Developed by the Flinders Human Behaviour and Health                               interviewing has been proven effective in assisting
Research Unit,30 the model is a generic set of tools and                           clients move through stages of change and preventing
processes. It enables clinicians and clients to undertake                          relapse. Research has found that providing motivation is
a structured process that allows for assessment of self-                           much more successful31 than simply providing clients
management behaviours, collaborative identification of                             with knowledge.
problems and goal setting, leading to the development of
individualised care plans. The tools include the Partners in                  Disease specific evidence based self-management
Health Scale, Cue and Response Interview, Problem and                         interventions
Goals Assessment and Self-Management Care Plan.                               These interventions have been proven to be effective
                                                                              through rigorous evaluation (for example, control group,
Motivational interviewing
                                                                              before and after time series) and have demonstrated
Based on the Prochaska and Declemente Model, a cognitive
                                                                              improved client outcomes.
behavioural approach, motivational interviewing is a
counselling approach that prepares clients for behaviour                      In 2002, the Department of Human Services funded the
change. Using the technique, health professionals                             Hume Moreland PCP, through the Diabetes Prevention
encourage clients to identify lifestyle behaviours that they                  and Management Initiative, to develop a lifestyle group
would like to change and to articulate the benefits and                       program for people with diabetes. The program, called One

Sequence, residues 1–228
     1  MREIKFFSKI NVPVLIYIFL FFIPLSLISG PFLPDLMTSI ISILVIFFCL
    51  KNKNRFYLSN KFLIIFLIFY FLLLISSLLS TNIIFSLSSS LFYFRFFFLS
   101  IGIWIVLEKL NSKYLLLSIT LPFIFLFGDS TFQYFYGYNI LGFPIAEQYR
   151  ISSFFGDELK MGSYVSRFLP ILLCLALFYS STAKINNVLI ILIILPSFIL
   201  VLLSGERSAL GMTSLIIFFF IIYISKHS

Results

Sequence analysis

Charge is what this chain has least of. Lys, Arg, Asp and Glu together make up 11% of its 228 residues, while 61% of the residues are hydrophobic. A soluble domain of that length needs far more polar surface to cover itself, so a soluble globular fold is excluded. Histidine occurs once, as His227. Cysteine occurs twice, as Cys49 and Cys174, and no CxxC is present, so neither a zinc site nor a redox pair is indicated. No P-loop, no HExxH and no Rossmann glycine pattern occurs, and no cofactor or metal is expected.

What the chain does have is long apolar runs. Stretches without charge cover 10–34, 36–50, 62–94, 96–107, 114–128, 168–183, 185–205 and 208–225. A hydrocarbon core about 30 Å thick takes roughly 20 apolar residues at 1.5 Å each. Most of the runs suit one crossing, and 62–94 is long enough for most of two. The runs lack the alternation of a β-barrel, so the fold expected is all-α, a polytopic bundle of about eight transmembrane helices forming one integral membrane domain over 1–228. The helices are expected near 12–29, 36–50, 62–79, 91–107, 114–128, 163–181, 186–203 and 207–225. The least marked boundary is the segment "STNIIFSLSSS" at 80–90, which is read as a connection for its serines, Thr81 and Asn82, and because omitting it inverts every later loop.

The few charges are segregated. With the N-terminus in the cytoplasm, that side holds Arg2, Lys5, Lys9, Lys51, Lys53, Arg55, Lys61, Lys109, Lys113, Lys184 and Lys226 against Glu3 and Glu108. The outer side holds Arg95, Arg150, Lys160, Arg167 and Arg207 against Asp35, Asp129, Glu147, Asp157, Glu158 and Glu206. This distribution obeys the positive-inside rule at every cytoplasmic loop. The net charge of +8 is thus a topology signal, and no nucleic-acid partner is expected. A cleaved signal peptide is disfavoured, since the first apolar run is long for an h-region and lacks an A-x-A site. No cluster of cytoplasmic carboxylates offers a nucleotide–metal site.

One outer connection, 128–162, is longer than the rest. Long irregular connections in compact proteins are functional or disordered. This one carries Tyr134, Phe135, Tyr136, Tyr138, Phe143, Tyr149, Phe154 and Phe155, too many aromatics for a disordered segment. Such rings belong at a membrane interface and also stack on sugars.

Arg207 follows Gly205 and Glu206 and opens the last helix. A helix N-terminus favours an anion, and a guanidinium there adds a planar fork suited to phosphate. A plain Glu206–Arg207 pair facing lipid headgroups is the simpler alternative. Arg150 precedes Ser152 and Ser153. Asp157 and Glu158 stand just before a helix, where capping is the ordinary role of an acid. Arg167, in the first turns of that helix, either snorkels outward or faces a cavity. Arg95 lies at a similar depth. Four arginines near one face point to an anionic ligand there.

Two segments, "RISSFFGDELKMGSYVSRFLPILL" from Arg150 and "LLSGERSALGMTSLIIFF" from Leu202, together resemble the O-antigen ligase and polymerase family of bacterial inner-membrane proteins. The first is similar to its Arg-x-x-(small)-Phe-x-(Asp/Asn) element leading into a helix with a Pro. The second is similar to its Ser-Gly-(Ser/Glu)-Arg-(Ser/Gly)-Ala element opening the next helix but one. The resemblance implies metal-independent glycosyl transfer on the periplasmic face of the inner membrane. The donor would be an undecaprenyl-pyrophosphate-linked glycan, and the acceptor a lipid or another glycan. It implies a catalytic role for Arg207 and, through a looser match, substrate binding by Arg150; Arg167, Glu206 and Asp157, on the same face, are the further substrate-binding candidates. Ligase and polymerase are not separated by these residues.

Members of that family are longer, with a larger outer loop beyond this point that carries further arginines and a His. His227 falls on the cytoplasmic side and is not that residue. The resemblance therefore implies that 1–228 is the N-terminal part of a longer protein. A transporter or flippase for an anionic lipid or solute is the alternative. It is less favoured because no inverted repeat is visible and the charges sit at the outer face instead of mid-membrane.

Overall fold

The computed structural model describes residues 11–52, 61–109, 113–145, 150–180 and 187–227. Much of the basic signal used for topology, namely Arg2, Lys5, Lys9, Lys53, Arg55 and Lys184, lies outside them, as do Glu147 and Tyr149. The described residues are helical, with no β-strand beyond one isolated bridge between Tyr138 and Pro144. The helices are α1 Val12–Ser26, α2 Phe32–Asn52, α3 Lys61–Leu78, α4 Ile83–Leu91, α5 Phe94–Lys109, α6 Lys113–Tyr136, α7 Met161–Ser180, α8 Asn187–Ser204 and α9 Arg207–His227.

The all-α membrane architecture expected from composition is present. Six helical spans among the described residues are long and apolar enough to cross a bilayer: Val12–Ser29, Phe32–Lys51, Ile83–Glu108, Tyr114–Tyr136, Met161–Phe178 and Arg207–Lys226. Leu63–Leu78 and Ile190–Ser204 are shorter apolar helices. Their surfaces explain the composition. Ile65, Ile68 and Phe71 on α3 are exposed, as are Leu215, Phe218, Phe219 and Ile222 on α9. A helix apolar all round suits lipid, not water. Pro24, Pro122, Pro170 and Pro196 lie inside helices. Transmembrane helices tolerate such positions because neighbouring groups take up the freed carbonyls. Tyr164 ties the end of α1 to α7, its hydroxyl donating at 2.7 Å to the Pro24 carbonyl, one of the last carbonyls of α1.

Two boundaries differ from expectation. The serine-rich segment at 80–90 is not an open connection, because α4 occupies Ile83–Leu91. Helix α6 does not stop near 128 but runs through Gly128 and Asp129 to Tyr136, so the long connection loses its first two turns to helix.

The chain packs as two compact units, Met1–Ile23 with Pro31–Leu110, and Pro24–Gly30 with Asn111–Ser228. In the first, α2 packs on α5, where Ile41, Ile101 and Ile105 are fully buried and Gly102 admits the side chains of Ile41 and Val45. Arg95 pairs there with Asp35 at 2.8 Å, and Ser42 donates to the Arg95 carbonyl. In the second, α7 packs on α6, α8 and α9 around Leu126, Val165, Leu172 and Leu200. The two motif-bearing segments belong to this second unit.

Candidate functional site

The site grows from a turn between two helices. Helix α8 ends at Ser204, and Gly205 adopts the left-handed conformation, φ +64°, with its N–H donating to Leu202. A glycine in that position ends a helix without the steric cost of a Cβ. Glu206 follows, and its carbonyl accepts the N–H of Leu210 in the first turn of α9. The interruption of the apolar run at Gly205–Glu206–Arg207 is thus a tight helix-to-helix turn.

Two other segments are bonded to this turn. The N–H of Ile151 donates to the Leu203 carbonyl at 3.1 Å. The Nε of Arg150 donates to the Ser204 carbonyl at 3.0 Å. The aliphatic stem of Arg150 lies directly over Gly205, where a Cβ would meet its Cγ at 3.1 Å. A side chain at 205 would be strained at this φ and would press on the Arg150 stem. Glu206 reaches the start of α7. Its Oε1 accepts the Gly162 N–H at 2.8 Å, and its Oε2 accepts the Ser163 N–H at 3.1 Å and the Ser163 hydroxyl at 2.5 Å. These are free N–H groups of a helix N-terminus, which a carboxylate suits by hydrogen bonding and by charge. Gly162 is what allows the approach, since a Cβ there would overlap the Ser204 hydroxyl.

difficulties of making that change. The interviewer uses                      Step Ahead, combines self-management support, exercise
directive questions and reflective listening to help clients                  and diabetes education. The program was implemented
come to their own decisions by exploring their uncertainties.                 in four health services and evaluated by The University of
                                                                              Melbourne. Evaluation results showed that participants were

29 http://patienteducation.stanford.edu/programs/                             31 Bodenheimer T and Lorig K, ‘Patient Self-management of Chronic
30 http://som.flinders.edu.au/FUSA/CCTU/Hand%20out%20Flinders                    Disease in Primary Care’, http://jama.ama-assn.org/cgi/content/
   %20Model%20June%202006.pdf                                                    full/288/19/2469
14 Diabetes self-management: Guidelines for providing services to people newly diagnosed with Type 2 diabetes

highly satisfied with the program and client health outcomes                            Communication agreements should be part of broader
included improved self-reported physical activity levels and                            ICDM inter-agency care planning models. Models may
statistical improvements in blood glucose control at six and                            vary in sophistication but should always be underpinned
12 months post-program completion. A program manual                                     by processes for sharing information and coordinating
was developed out of the initiative along with a workforce                              care. For example, a basic level care planning model may
development strategy. The program manual describes:                                     simply include sharing service specific care plans between
• the structure and content of the six session program                                  agencies. At a more sophisticated level, the model may
• all necessary resources                                                               include discussion between health care providers from
• information about conducting the program.                                             different agencies around client goals which leads to
                                                                                        the development of one new coordinated care plan that